Skip to main content

The Gilded Age

The Jekyll Island Club 
Source: Creative Commons :

Following the Civil War and Reconstruction, Jekyll Island served no real purpose. The island was plundered during the war, and the fertile land was not used as slavery was made illegal. This led to Newton Finney and John Eugene DuBignon to come up with a way to utilize the vast, untapped land. Their plan: to develop the island into a southern oasis for northern businessman in the winter. 

In 1885, Finney, DuBignon, and businessman out of New York petitioned to the Glynn County court system to allow them to start their club. On December 9th, 1885, the club was granted permission, and they began to sell “shares,” or memberships, for $600. Some of the original purchasers include J.P. Morgan, William Vanderbilt, Joseph Pulitzer, and several other of the world’s richest men. On Febuary 17th of the following year, the island was officially handed over to the club for $150,000 — almost 5 million dollars in todays money. 

Construction began immediately, and architects and builders from around the country were called upon to aid. In January 1888, the club officially opened its doors, becoming the “the richest, the most exclusive, the most inaccessible club in the world….” One Sixth of the world’s wealth was concentrated on the island, a statistic that is hard to comprehend today. Soon, the Rockefeller family joined in on the fun, and built a “cottage” on the island. The Jekyll Island Club was a place where the world’s richest could go and disconnect with the world. Many had their own cottages on the island, but the Club featured everything they could ever ask for: restaurants, hunting, golf, tennis, biking, nature, beaches. There was little that Jekyll didn’t have, and if the guests wanted something bad enough, they could afford to have it built.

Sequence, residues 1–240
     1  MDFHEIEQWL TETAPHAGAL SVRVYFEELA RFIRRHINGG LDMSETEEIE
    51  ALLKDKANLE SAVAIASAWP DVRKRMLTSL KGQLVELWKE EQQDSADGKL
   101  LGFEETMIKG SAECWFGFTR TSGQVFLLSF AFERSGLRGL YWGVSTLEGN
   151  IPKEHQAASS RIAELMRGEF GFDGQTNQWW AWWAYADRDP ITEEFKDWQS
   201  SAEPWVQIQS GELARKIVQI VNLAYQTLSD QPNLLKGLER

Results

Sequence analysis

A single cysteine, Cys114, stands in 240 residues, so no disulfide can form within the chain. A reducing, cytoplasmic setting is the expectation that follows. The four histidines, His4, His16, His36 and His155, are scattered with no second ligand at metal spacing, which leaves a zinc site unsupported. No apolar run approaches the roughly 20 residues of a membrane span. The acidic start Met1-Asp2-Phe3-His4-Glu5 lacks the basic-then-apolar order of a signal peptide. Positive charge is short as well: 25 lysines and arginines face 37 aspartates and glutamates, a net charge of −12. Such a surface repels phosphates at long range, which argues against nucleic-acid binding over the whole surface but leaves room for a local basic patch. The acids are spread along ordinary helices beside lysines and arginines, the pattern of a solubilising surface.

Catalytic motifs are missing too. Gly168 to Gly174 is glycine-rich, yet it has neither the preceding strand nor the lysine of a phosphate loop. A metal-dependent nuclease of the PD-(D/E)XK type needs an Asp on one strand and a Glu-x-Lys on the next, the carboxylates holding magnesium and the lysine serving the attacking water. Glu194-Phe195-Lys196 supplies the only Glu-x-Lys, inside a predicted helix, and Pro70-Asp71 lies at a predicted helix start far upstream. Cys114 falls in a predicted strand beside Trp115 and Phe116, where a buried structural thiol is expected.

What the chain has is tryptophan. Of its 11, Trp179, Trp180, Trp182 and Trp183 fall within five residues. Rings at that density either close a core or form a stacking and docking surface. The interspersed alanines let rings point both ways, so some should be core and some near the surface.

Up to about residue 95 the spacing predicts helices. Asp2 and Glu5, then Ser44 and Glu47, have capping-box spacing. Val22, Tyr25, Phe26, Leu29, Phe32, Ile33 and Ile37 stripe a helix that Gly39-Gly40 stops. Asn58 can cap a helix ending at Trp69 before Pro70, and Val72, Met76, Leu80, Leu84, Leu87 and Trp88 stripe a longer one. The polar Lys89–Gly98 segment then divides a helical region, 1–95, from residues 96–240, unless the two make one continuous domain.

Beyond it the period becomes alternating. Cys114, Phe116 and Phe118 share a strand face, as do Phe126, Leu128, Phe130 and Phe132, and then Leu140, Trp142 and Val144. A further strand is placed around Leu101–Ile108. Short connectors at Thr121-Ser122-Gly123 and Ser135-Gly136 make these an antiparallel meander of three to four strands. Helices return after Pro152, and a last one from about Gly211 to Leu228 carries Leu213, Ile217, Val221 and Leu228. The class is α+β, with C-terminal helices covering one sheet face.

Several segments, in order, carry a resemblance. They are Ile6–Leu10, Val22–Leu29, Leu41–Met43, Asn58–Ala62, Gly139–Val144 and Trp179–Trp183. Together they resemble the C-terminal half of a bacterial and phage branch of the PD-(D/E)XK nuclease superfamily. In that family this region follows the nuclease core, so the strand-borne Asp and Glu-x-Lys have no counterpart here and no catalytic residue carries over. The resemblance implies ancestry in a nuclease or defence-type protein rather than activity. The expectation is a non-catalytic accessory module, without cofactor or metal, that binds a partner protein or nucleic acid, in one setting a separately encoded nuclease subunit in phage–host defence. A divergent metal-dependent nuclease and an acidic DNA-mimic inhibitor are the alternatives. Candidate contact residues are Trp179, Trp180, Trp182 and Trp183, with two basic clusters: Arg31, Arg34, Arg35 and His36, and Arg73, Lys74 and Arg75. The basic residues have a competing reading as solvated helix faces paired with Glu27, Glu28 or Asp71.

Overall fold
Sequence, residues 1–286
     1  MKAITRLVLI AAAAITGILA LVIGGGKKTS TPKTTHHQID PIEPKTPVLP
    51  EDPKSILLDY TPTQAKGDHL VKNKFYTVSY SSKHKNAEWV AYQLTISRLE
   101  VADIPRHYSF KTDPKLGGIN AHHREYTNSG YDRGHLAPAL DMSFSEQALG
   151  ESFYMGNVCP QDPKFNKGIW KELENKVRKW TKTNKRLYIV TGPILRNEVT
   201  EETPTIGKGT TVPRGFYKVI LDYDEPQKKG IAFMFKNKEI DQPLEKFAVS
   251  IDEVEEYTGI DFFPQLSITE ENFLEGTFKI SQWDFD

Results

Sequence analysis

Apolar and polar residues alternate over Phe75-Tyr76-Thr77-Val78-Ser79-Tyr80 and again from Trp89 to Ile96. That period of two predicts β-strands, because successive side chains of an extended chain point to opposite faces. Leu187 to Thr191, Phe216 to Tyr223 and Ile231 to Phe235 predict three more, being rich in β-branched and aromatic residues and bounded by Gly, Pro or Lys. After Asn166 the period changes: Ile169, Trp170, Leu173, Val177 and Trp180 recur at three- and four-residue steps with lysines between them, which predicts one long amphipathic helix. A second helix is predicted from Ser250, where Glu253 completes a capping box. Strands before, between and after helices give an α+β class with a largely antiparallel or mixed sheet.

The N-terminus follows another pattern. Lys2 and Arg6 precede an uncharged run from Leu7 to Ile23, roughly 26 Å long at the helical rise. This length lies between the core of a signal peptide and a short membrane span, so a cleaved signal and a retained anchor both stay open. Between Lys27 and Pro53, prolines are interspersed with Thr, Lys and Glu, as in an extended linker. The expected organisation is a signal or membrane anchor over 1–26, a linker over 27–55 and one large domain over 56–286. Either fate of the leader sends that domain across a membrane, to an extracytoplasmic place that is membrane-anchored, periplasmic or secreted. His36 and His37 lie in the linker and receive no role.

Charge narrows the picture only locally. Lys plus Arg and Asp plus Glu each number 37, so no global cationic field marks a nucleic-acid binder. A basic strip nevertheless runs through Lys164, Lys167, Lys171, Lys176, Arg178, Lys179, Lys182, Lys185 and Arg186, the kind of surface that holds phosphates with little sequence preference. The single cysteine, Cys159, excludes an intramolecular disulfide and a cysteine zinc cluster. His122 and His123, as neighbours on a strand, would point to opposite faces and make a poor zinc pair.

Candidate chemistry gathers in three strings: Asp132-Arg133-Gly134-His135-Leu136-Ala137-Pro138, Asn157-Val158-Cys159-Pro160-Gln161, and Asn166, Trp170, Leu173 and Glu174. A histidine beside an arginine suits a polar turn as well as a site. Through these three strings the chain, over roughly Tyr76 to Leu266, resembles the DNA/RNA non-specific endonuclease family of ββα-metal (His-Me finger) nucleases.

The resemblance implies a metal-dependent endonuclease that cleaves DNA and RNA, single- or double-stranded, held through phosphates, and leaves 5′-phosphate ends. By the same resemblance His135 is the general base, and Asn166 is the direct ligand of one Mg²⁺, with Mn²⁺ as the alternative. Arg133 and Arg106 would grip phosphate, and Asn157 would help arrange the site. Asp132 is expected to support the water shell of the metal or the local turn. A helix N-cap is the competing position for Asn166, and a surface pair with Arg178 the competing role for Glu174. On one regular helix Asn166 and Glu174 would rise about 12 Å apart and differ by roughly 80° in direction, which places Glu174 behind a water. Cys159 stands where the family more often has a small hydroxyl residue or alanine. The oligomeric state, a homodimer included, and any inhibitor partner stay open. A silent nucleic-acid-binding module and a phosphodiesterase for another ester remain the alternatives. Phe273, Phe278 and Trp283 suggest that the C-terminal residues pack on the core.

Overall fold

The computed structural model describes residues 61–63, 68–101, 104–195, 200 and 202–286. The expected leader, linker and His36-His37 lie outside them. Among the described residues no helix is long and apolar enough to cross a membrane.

Several notable events happened on Jekyll Island during this time. The first was the creation of the Federal Reserve. In November 1910, a secret meeting was held at the Jekyll Island Club in which drafts of legislation were written and discussed. This legislation would go onto be the foundation for The Federal Reserve System, the a central banking system that essentially controls the United States economy. 

Another notable event that occurred at the Jekyll Island Club was the first transcontinental telephone call. The AT&T President, Theodore Vail listened to the phone call from the club on January 25, 1915. Joining him was Woodrow Wilson ,the President of the United States, Alexander Graham Bell, Thomas Watson, the CEO of IBM, and Henry Higginson. 

Amidst the Great Depression, the island and club began to diminish in size and stature. Its decline was furthered by the start of World War II, in which the billionaires saw themselves as targets on the east coast. As a result, they moved from the island almost overnight, and they abandoned their homes and belongings. Today, you can still visit the club and the many historic cottages surrounding it.  

The initial meeting discussing the future of the Jekyll Island Club. Source:

The Jekyll Island Club as it appeared in 1901. Source:

The first transcontinental telephone call in 1915. Source:

error: Content is protected !!